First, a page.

Fall is a great season to use essential oils in an aromatherapy diffuser; not only does it create a warm, seasonal feel to the season, it can help to combat sniffles, coughs, and colds, if you choose your essential oil blend wisely. Here's a closer look at three tree essential oils that are beneficial for the season – and which essential oils to combine them with in a Fall diffuser blend.
Cypress Essential Oil for Fall Diffusers
Cypress (Cupressus sempervirens) is an evergreen, cone-shaped tree with small flowers and round cones. The cypress tree is a member of the Cupressaceae plant family and it is a familiar sight in many parts of the Mediterranean region, where it grows wild.
Cypress is an ancient tree that has long been valued for use in medicine by early civilizations. The essential oil is extracted by steam distillation from the needles and it has a smoky, sweet-balsamic aroma that tends to linger despite its top to middle note perfume note classification.
Use cypress essential oil for coughs, colds, asthma, and bronchitis in a blend with bergamot (Citrus bergamia), lavender (Lavandula angustifolia), and juniper (Juniperus communis) essential oils.
Juniper Essential Oil for Fall Diffusers
Juniper (Juniperus communis) is also an evergreen tree with blue-green needles, small flowers, and berries that mature from green, through blue, to black in subsequent years. Juniper is a member of the Cupressaceae plant family and it is therefore related to cypress. The juniper tree prefers the cold climate of the northern hemisphere, although alternative species of juniper may be found in other countries as well.
Juniper essential oil is extracted by steam distillation of the berries or the needles, producing either juniper berry essential oil or juniper needle essential oil, respectively. Juniper berry essential oil is often preferred for use in aromatherapy practice as it is less likely to be adulterated, although a quality producer may be able to distill a quality juniper needle essential oil in today's market.
Juniper berry essential oil has a fresh, woody-balsamic aroma whereas juniper needle essential oil has a fresh, sweet-balsamic aroma. Use juniper essential oil for colds, flu, coughs, and other Fall inflictions in a blend with cedarwood (Cedrus atlantica), sweet orange (Citrus sinensis), and elemi (Canarium luzonicum) essential oils.
Caution: Avoid the use of juniper essential oil in pregnancy and with kidney disease.
(Atlas) Cedarwood Essential Oil for Fall Diffusers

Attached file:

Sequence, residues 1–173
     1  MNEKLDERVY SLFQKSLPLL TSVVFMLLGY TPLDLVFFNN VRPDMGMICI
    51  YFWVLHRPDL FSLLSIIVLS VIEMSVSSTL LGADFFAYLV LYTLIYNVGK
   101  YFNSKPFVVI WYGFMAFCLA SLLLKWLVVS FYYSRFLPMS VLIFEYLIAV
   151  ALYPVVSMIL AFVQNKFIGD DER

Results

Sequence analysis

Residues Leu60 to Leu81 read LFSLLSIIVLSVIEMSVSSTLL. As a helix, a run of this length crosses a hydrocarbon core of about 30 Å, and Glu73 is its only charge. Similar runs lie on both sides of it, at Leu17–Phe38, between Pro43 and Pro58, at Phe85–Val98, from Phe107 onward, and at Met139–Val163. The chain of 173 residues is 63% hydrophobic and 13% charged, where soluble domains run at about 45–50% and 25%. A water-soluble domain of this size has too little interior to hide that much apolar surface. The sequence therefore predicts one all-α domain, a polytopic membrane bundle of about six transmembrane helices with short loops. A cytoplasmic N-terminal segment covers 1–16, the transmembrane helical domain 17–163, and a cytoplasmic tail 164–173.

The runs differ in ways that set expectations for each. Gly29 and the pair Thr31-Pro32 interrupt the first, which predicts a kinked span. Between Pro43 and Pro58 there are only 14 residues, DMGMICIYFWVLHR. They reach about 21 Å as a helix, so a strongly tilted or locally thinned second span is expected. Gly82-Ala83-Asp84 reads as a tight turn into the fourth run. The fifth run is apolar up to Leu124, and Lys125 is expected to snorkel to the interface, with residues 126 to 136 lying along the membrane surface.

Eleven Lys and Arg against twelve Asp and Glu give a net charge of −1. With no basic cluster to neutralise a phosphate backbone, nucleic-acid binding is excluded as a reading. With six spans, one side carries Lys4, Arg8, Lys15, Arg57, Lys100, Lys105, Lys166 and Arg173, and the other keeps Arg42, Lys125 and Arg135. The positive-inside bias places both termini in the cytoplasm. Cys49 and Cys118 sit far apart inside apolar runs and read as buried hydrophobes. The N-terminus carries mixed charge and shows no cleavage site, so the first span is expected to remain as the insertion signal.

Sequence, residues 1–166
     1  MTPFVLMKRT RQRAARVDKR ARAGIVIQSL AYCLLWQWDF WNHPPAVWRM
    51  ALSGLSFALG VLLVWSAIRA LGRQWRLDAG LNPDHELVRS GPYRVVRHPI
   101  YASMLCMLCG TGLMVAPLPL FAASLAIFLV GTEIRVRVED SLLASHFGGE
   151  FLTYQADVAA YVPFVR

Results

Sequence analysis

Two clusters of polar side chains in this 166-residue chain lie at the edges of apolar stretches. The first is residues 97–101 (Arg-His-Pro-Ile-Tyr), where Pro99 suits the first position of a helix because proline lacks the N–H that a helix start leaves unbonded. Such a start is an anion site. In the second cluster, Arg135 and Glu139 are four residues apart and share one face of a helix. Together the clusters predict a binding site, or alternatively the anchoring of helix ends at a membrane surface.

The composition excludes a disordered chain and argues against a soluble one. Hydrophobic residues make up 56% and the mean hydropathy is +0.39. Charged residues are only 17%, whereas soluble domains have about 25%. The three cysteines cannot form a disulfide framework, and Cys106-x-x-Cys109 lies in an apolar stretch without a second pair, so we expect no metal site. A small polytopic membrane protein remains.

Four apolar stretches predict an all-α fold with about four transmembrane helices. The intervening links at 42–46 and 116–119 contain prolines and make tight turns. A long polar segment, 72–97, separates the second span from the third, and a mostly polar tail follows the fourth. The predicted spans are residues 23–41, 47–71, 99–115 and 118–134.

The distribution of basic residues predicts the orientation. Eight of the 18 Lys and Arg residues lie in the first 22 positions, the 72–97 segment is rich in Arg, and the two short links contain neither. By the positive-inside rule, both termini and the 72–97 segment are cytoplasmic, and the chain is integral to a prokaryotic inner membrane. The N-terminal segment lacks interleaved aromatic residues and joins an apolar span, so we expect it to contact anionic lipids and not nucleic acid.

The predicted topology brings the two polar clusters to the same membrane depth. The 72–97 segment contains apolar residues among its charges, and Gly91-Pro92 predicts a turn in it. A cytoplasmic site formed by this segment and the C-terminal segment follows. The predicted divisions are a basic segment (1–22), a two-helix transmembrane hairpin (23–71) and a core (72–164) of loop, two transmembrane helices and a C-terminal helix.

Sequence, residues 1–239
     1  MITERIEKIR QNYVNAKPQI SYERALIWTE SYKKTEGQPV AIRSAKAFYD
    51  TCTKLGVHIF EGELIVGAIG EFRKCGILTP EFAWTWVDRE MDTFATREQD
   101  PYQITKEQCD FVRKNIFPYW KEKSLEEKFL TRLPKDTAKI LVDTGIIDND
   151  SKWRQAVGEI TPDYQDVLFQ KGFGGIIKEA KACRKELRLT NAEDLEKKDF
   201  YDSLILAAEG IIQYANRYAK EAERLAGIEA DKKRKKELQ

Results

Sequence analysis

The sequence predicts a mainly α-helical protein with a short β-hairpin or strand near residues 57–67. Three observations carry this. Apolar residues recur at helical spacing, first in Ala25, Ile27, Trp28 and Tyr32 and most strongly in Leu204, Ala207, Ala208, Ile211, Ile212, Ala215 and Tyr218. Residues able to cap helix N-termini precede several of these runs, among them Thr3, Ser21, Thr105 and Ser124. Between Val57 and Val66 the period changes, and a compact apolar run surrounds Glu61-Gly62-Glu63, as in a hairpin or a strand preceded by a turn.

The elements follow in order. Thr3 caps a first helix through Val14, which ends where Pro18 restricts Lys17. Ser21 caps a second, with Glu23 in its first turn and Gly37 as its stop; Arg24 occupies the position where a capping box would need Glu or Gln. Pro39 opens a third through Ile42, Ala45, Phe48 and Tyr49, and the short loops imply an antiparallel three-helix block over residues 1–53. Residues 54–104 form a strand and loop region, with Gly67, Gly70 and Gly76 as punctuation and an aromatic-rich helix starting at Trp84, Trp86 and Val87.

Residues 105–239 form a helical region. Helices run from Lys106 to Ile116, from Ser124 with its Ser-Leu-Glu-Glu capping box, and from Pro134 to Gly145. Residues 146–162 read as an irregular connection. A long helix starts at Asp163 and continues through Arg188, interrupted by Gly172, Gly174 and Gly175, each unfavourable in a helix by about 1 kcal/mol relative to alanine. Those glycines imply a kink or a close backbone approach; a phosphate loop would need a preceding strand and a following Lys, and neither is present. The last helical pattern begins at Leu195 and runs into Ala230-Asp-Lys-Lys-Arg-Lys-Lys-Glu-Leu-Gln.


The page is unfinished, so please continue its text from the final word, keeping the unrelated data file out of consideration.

(Atlas) cedarwood (Cedrus atlantica) is another evergreen tree that is shaped like a pyramid. It is strongly aromatic and it is an ancient symbol of bygone civilizations who used the oil from the cedarwood species for both perfumery and medicinal purposes. Atlas cedarwood is indigenous to the Atlas mountains of Algeria, although there are several other species of cedarwood that produce an essential oil, too.
Cedarwood produces an essential oil by steam distillation of the wood. It is a warm, camphoraceous aroma, that is also balsamic and woody, with a lasting base note. Use cedarwood essential oil for congestion, coughs, and colds in a blend with neroli (Citrus aurantium var. amara (flos)), cypress (Cupressus sempervirens), juniper (Juniperus communis), and bergamot (Citrus bergamia).
Caution: Avoid the use of cedarwood essential oil during pregnancy.
Additional Cautions for Diffusing Fall Essential Oils Blends
In addition to the cautions mentioned in this article for each profiled essential oil, consider the cautions associated with both the other essential oils mentioned for use, and for use with essential oils in general. If you are not diffusing essential oils, always dilute essential oils in a carrier base before applying them to the skin. Dilution rate varies from 1% to 3%, depending upon the age group, specific health conditions, and if any other medication is taken.
Consult a certified aromatherapist for further information if you are unfamiliar with the use of essential oils.
This article is for educational purposes only and it is not a substitute for medical advice.
- Falsetto, Sharon, 2014, Authentic Aromatherapy, US: Skyhorse Publishing
- Lawless, Julia, 1995, The Illustrated Encyclopedia of Essential Oils, UK: Thorsons
- A decade of the international training and experience of a certified aromatherapist.